“Married,” he supplied. “To Garrit DeLeon, two hundred years ago.”
She shook her head, closed her eyes. Was she this desperate for connection, for family, that she’d invented him completely? It was just a hallucination. A memory. She’d done her fair share of that during her last life, but now? It made no sense.
He laughed lowly. “Why are you always so certain I’m a ghost? Tell me there isn’t some small part of you that doesn’t wish otherwise. That hopes desperately for the opposite?”
Eve pressed the heels of her hands against her eyes, a strangled sound escaping before she could stop it. “If you were in my head, some hallucination, you’d already know the answer to that question. You’d know without even the smallest doubt. But it doesn’t matter. It isn’t possible. Medicine has advanced, but no one lives 200 years. Even the oldest, healthiest people don’t live beyond 120. Not without – without some kind of cybernetics and that much modification sends the body into shock. It doesn’t work, and I couldn’t bear it if you were some android. I just. I can’t. You can’t be here.”
“Eve.” His voice was so gentle, so sympathetic, and then his hand had closed around her wrist, warm and calloused and so familiar. “Look at me, I beg of you, and then I will go, if you wish it.”
“No!” She clutched at his shirt, at his hand, her heart constricting at the thought that she might never see him again. Even if he wasn’t real. She hadn’t realized how much she still wanted it, to be herself, to be free of all the lies, but it hit her like a punch to the gut. And all the more precious for what Elah had taken from her.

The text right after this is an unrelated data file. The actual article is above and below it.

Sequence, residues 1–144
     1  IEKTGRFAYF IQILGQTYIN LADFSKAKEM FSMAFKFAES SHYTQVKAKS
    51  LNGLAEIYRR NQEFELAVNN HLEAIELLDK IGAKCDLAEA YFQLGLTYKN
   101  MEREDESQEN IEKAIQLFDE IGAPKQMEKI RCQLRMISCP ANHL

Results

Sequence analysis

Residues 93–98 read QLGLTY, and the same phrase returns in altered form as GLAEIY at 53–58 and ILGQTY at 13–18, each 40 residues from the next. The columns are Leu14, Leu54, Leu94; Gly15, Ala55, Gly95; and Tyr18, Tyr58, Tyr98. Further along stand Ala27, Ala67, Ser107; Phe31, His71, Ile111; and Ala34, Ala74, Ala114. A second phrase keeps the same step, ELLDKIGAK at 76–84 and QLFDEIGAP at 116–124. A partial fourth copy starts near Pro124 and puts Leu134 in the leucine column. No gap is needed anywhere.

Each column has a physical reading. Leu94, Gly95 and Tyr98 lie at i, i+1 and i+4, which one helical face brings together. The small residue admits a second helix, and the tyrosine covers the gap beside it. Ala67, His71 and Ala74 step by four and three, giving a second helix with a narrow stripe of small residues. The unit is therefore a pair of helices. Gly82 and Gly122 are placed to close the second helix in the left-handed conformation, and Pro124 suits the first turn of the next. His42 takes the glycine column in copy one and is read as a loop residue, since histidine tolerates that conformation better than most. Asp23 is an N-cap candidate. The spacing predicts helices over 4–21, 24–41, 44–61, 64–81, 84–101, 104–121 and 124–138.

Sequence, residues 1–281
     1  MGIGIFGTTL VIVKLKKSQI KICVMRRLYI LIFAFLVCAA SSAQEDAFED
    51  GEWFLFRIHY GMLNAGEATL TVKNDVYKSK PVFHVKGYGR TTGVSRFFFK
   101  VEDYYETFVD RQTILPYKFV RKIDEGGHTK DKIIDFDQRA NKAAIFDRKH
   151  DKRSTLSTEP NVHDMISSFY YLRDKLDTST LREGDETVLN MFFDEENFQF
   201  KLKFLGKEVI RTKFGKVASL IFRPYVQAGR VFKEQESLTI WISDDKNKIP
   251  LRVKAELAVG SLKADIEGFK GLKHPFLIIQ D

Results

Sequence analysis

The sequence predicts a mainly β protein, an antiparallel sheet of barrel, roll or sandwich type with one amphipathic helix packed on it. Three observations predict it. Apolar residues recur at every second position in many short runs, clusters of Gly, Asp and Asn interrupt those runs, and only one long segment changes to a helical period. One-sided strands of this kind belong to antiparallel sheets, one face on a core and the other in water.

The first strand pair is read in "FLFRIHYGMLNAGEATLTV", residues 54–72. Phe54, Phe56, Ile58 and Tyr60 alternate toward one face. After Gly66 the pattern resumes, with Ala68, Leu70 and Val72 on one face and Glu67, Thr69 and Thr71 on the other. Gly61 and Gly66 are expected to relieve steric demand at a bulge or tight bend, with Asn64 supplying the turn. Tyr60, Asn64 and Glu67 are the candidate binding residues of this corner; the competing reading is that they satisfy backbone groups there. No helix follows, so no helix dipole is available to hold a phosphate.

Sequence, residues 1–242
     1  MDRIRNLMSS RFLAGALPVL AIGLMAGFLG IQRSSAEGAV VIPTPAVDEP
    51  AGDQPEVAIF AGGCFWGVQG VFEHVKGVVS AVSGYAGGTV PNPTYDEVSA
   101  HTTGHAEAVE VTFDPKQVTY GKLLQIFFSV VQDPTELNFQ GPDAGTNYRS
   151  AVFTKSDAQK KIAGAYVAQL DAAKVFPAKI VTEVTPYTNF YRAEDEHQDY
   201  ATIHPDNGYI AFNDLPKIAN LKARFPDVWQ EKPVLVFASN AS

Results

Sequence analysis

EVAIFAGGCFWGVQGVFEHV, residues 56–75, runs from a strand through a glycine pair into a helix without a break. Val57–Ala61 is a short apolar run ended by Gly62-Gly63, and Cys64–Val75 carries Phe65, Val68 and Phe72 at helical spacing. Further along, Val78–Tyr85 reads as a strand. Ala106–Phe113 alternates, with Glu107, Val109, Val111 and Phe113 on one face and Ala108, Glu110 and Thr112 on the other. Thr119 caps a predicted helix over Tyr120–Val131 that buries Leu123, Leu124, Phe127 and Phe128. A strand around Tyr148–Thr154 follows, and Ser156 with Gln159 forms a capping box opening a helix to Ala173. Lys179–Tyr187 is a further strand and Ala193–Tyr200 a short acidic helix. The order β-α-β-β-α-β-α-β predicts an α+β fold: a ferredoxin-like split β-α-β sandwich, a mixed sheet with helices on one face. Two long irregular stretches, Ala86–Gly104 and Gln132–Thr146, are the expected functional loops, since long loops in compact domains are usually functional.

He was smiling when she met his eyes, gently, kindly, as if he knew how difficult this must be for her. And how could he know? How could he know what looking at him, seeing him in the flesh did to her? The memories it brought to the surface of her thoughts so perfectly clear, all joy and happiness and the bittersweet knowledge that it would end. That it always ended. And that was why it couldn’t matter, now, and she wouldn’t have any part of it, of him, of any of it.
Love wasn’t enough. Love didn’t stop them all from dying, and it made the grief of it, the loss, so much more difficult to face. Even more so when the person she lost knew her and loved her as Eve.
And he couldn’t know any of that.
“My name isn’t Thorgrim,” he said firmly, catching hold of her chin when she would have looked away, forcing her to face him, to see him. “Nor is it Lars Owen, no matter what Garrit might have told you.”
His eyes. Had his eyes always burned that way? Not in that first life, so long ago, when she had been his wife. She would have remembered. Just like she remembered, now, staring up at him, that he was the only husband who had outlived her. His face had been the last thing she had seen, his hand on hers the last comfort she had felt. She swallowed hard, then did it again, because her throat was so thick, and just the memory made her eyes mist. But she couldn’t look away.
She didn’t want to look away.
“My name is Thor, Eve, and like you, my father is a god.”